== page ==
Companies must use software with built-in, default privacy settings to comply with European law, according to guidance from bloc’s data protection board.
Data anonymization and minimization should be standard in software for personal data processing, even in systems that pre-date the 2018 General Data Protection Regulation, the board said in guidance released Thursday.
The built-in, default privacy settings are “absolutely essential” to ensure the security of personal data, said Veronica Jarnskjold Buer, specialist director at the Norwegian Data Protection Authority and a member of the team that formulated the guidelines.
“Under the GDPR, this is a mandatory requirement,” Jarnskjold Buer said. “Pre-GDPR, it had been voluntary.”
The European Data Protection Board guidance is the result of two years of work in defining best practices under the GDPR’s Article 25. That article mandates the use of so-called Data Protection by Design and Default, or DPbDD, Norway’s agency said.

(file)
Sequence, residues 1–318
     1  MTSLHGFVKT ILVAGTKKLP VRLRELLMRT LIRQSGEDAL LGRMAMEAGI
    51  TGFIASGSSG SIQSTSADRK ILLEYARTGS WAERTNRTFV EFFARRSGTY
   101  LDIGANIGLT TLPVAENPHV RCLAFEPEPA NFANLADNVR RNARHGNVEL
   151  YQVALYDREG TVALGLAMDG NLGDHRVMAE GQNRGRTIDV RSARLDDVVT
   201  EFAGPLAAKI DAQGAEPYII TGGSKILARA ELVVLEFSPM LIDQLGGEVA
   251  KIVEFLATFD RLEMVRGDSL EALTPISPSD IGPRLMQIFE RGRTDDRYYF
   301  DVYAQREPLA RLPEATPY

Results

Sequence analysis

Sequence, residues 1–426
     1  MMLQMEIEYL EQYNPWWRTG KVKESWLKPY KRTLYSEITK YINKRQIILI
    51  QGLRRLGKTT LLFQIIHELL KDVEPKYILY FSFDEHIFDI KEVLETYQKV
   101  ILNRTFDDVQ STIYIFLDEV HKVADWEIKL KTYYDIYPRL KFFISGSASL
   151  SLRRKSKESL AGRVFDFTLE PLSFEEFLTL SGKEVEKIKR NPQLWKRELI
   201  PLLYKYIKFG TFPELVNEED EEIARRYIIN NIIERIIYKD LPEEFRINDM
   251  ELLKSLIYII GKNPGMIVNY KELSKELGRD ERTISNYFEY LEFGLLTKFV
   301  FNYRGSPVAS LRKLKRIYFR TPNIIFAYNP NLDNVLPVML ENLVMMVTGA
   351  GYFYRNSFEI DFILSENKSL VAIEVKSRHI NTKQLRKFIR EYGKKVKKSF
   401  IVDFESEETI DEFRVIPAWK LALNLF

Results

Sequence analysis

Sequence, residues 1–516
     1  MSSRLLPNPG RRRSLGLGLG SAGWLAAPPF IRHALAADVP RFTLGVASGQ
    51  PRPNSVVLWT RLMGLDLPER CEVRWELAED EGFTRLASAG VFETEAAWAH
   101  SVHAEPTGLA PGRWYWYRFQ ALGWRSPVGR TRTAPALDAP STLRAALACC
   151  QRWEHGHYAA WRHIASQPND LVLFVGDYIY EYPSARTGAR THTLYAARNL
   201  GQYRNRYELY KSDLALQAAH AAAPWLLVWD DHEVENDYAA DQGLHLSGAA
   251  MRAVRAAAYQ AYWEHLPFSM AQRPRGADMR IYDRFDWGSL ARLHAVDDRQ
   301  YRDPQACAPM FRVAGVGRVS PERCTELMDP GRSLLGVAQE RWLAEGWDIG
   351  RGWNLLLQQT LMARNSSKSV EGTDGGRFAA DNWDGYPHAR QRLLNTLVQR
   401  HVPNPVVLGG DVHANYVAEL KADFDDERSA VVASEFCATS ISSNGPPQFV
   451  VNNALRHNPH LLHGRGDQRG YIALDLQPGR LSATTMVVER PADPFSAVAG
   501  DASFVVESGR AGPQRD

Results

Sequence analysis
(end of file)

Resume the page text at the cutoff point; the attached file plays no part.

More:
Software development teams are “key people” and should aim to demonstrate DPbDD compliance in the lifecycle of their product, Jarnskjold Buer said. “It is important that developers and suppliers understand their obligations.”
There have been significant changes in the updated guidance compared with an earlier version, said London-based Bird & Bird Attorney Matthew Buckwell.
“The guidelines make it clear that legacy systems are clearly in scope in the same way as new systems, and if the legacy system does not meet GDPR obligations then it cannot be used to process personal data,” Buckwell said.
Legacy systems may be the “key risk” companies face in possibly violating the landmark privacy law, he said. The changes may “add considerable cost for companies that rely on older, integrated systems that are not easily updated or removed.”